Putting together a photo shoot is a complicated undertaking, and you never know quite what it'll look like until it's published. We whittled down a selection of 32 images from the over two thousand shots taken that day in August, and of that selection, 15 made it to the blog. Interestingly, the lengthy (for a blog) text that I prepared (with some much appreciated assistance from Brenna, our caterer and food stylist, and a talented writer), was included exactly as we sent it. I love the stylized flourishes WedLuxe created to accompany the text.

Since I'm one of those people for whom "more is more", I'd like to share with you the rest of our selection. This post kicks off a series of posts that will include behind-the-scenes photos as well as vendor highlights. To read the complete blog copy and credits, click here.


Our inspiration board (shown above) includes: depictions of "Beauty and The Beast", film stills from "Dracula" (based on Bram Stoker's Victorian Gothic novel), an image of the reception dinner for Dita von Teese's wedding to Marilyn Manson in an Irish castle, church and barn interiors, Victorian inspired fashion, a red silk wedding gown (that we'd seen and loved at a bridal show), Paco Gil sequin boots, and objects and design details that embrace the Gothic aesthetic, typified by deep, dark colours and ornate details.

The Groom and Bride: Our story begins with The Beast, a lonely wanderer lacking material wealth and a place to call home, yet possessing a quiet strength, stemming from his belief in love.

The Beast sheds his beastly trappings.

What awaits him?

He happens upon Beauty, a woman toiling alone on her prosperous farm. Though surrounded by an abundant harvest and beautiful things, she is unhappy. As Beauty and The Beast gaze upon one another, they share an intangible moment—they know. Two desolate hearts give way to love, and everything changes forever.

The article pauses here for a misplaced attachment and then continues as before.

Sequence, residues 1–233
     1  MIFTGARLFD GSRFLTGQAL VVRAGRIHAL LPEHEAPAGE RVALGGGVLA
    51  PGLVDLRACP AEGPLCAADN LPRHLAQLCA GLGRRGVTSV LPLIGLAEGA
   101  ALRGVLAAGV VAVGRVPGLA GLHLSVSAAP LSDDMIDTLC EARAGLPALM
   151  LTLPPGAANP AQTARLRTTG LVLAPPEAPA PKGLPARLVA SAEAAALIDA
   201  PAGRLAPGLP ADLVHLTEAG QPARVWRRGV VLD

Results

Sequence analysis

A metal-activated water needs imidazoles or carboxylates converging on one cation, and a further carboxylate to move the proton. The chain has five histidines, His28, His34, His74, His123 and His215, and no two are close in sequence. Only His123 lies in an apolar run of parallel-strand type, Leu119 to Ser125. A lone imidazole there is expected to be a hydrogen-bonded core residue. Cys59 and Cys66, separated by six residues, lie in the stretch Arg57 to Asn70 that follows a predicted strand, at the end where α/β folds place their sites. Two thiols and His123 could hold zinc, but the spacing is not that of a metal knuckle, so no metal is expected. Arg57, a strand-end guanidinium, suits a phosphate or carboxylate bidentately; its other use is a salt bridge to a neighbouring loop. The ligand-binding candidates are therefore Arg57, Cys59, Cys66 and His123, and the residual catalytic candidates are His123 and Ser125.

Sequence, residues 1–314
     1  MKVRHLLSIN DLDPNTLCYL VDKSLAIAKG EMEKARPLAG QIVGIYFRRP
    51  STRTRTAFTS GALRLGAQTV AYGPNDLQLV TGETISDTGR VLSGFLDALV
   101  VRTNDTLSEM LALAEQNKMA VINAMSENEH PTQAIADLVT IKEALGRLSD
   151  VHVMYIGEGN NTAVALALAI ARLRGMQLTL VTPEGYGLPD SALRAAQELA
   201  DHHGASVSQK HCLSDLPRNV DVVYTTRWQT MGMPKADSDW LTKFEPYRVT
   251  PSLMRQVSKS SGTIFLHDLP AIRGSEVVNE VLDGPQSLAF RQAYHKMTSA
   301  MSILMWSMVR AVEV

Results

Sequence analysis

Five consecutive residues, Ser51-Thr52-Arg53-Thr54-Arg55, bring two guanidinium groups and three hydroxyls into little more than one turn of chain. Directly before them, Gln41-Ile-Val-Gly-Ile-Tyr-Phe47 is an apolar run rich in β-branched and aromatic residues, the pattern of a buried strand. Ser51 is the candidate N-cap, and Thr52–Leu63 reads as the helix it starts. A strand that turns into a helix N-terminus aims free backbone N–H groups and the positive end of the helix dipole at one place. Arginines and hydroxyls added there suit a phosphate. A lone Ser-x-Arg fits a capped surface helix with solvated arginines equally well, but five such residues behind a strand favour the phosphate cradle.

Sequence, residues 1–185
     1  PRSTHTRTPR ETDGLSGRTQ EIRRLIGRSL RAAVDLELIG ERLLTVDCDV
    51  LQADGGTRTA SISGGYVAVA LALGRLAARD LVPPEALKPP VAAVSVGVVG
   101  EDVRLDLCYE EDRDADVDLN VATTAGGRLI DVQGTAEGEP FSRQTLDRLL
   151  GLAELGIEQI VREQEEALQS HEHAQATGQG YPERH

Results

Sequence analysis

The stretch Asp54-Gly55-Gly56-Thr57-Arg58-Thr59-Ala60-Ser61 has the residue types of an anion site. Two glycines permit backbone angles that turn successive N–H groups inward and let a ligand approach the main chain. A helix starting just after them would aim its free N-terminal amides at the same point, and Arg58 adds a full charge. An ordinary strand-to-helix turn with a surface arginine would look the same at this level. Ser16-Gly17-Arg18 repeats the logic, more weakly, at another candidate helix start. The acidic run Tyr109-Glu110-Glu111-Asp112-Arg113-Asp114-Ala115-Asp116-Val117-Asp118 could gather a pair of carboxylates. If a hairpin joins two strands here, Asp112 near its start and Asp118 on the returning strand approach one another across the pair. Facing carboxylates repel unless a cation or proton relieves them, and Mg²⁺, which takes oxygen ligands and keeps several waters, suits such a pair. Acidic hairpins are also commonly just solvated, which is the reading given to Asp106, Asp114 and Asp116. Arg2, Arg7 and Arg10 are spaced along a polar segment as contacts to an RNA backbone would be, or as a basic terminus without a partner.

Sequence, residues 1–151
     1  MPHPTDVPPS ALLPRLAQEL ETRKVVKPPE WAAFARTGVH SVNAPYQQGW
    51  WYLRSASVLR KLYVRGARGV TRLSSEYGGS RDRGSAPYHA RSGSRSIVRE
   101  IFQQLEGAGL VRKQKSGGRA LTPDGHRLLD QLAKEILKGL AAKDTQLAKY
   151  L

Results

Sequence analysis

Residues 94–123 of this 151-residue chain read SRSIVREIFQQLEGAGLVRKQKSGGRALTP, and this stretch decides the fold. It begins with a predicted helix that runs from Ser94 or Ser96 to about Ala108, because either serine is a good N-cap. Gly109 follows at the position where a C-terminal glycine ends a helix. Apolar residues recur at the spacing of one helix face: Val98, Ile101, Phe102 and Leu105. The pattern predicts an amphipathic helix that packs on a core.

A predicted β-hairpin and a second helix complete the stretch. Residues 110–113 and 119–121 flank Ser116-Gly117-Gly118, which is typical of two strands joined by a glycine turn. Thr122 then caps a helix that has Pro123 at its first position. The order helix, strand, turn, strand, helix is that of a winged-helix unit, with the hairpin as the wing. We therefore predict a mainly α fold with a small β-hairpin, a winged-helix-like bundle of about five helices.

The Ceremony: Beauty and The Beast are in love, and transformed. Bride and Groom recline together, on layers of pale, creamy satin and faux-fur. The Groom presents his bride with rings enclosed in an antique jewellery box lined in purple silk. Through an open door, their future beckons.

The Reception: In the hay loft of an ancient barn, the couple and their guests gather for a richly-hued celebration. Glowing light from an overhead chandelier adds comforting warmth to a dramatic colour palette that includes red, violet and black, while touches of pewter and grey maintain a sense of weathered refinement. As The AwesomeHots perform music from their Parlour Folk repertoire, the couple and their guests take their seats at the table. The guests, all in French lace masks, form a Bohemian cast of characters, from a deposed Shah, to a flapper in pearls, to a Mafia kingpin.

The AwesomeHots - hearing their singing echoing through the rafters
was a transcendent experience

A Gothic confection in fondant and feathers
The Honeymoon: The lovely couple plays an impromptu game of bocce, before embarking on their honeymoon. The next generation waits to continue the story. It's a new day...and they all live happily ever after.

The child wears a vintage fisherman's cap, from John James. Vintage leather luggage and bocce, all from ID BOHEMIA.